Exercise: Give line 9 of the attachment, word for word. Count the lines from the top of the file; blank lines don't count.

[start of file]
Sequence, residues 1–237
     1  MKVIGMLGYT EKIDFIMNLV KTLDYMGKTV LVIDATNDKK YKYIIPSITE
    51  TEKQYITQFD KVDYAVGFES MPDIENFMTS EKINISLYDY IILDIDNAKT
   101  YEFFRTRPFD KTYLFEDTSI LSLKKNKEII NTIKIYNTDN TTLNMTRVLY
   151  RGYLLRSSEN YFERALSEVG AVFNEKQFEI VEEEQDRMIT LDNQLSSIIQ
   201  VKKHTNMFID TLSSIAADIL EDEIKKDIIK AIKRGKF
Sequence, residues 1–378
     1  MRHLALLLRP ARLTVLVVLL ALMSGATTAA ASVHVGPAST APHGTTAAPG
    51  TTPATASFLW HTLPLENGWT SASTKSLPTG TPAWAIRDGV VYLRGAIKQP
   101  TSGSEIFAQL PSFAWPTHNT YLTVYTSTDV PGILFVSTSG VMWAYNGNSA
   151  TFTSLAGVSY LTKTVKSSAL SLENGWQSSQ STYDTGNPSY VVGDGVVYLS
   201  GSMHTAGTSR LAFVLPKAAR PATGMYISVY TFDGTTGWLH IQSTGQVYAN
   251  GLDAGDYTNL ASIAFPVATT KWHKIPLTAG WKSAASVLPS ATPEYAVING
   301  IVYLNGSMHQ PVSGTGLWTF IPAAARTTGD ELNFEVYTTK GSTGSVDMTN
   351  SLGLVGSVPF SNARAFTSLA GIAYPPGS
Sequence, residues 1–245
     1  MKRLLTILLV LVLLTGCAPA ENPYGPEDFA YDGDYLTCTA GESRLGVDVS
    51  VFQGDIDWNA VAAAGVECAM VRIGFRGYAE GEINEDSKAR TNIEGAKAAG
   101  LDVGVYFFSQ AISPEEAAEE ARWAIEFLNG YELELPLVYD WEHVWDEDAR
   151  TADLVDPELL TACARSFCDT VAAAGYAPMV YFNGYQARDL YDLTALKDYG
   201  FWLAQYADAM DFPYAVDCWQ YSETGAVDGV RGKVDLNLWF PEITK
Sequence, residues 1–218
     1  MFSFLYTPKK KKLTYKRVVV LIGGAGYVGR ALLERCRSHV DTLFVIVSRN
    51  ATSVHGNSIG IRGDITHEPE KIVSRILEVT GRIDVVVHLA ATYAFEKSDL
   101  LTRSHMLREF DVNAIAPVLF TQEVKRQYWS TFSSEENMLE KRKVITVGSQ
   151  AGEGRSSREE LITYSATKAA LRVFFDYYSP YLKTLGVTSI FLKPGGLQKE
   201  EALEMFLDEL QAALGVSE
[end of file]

    51  TTPATASFLW HTLPLENGWT SASTKSLPTG TPAWAIRDGV VYLRGAIKQP